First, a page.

The Chi Machine is a passive aerobic exercise device, developed and first manufactured in Japan by Skylite Industry company president and engineer, Keiichi Ohashi, in 1988. The Chi Machine was granted a patent by the Japanese Patent Office December 18, 1990. The machine was originally known as Sun Harmony and later changed to Sun Ancon.
Method and Origin
The Sun Ancon Chi Machine is a box-like device with an "ankle cradle" that moves from side to side at approximately 140 oscillations per minute. The user is instructed to lie down flat on the floor, place their ankles on top of the ankle cradle, and then turn on the timer to activate the machine. The machine creates a side to side motion throughout the body, beginning at the feet. This movement is likened to a goldfish swimming.
In 1927, Katsuzo Nishi created 'The Nishi Health System', a series of six exercises, one of which (kingyō undō) was the basis for the motion of the modern day Chi Machine. This specific exercise of the body was adopted in the martial art of Akido and known as "goldfish exercise".
The concept for the original Sun Ancon Chi Machine device came from Japanese scientist Shizuo Inoue, Chairman of Japan's Oxygen Health Association, who studied the effects of oxygenation of the body for 38 years and believed that lack of oxygen in the body is a primary cause of disease.
Marketing and Classification
Skylite Industry in Japan collaborated with Hsin Ten Enterprise International (HTE), in Taiwan, who trademarked the name The Chi Machine after being given exclusive rights to distribute the machine by Inoue.
The Sun Ancon Chi Machine holds US FDA approval as a Class 1 Therapeutic Massager, Regulation #890.5660.[not in citation given] and is registered as a medical device in Canada 66598, Australia L 81810 and Japan 02B 0694.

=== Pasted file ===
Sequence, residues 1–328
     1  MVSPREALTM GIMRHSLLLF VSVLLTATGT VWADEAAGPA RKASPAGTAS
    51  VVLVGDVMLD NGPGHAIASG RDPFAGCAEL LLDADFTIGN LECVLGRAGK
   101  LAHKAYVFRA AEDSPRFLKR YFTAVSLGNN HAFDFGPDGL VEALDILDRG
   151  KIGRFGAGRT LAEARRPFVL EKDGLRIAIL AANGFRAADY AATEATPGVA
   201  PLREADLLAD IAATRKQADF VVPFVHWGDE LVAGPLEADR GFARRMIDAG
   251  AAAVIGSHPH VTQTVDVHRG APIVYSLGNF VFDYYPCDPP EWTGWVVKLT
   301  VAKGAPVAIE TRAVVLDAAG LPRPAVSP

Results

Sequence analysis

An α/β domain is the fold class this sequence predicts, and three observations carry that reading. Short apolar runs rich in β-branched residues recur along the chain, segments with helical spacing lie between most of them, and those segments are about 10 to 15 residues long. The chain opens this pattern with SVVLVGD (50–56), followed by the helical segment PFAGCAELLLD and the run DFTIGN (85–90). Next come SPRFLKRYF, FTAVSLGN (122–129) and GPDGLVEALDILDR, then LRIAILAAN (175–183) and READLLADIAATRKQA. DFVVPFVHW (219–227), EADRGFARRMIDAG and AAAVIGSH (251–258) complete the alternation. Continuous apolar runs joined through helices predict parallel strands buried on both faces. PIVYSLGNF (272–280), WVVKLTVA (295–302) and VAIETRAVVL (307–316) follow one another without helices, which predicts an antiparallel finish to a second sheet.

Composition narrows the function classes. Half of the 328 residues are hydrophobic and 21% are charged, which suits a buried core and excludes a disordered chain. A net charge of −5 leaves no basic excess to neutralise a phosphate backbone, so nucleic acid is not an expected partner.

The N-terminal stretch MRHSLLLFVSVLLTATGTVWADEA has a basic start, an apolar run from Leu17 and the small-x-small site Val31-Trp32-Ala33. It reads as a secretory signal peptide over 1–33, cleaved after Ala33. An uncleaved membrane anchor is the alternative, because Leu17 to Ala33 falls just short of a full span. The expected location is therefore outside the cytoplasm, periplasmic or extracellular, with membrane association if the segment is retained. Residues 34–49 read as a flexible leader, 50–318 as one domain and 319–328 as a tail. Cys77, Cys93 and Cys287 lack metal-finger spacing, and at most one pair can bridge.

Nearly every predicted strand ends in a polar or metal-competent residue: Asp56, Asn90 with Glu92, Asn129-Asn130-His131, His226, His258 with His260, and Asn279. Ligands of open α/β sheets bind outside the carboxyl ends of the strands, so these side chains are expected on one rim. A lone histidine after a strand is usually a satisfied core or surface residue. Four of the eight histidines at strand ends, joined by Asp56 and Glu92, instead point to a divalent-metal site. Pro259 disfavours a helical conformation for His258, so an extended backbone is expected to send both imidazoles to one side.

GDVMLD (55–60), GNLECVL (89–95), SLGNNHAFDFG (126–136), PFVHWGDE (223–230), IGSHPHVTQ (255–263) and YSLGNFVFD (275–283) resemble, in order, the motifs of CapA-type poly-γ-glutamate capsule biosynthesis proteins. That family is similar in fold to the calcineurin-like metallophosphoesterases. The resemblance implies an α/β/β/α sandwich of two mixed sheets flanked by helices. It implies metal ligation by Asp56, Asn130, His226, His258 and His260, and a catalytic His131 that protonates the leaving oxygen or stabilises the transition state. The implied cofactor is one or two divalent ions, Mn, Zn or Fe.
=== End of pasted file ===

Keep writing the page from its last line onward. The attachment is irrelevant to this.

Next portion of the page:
In June 2000, HTE contracted with Flinders University in Adelaide, South Australia to conduct clinical trials focusing on secondary lymphedema and venous oedema of the legs. Results showed loss of fluid, a reduction in pain and swelling, and weight loss.[unreliable medical source?]
HTE claims the Chi Machine oxygenates the body via "passive aerobic exercise", activating the lymphatic system, enabling detoxification, and aligns the spine due to the figure of eight motion caused by the specific oscillation of the machine.
Other devices adopting the same principle have been developed. There is some controversy about the comparison between these similar device and the Sun Ancon Chi Machine distributed by HTE. Many of HTE's distributors claim that any variance from the unique specification of the original Chi Machine - 140 oscillations per minute, +/- 5 - will result in a swinging motion of the body that may negatively affect efficacy or may be harmful.
Similar devices supplied by other manufacturers offer various alternative speed options and controls (along with added gadgets such as magnets or far infrared in some cases), claiming that weight, health condition, age and other individual characteristics determine the optimal speed. The US patent filed in the name of the Japanese inventor, Keiichi Ohashi, specifies a speed range of 100 to 200 oscillations per minute. In Japan the original manufacturers, Skylite Industry, have produce a model with a lower speed of 120 oscillations per minute. HTE's distributors claim that Inoue chose the speed of 140 oscillations per minute, +/- 5, on the basis of blood pressure, heart rate and spinal alignment. Although the book Inoue wrote,Aerobic Respiration Exercise & Health, published in English by HTE, makes reference to these passive exercise machines as one of many ways to achieve the oxygenation of the body that he championed, it gives no specific parameters for the design of the 'health equipment' which he mentions in his book, nor has any evidence of the merits of any particular speed ever been presented by HTE.
- Moseley, A.L.; Piller, N.; Esterman, A.; Carati, C. (June 2004). "The Sun Ancon Chi Machine Aerobic Exerciser: A new patient focused, home based therapy for people with chronic secondary leg lymphedema". Lymphology 37 (2): 53–61. PMID 15328757.
Moseley AL, Piller N, Carati C (2002). "Combined opto-electronic perometry and bioimpedance to measure objectively the effectiveness of a new treatment intervention for chronic secondary leg lymphedema". Lymphology 35 (4): 136–43. PMID 12570322.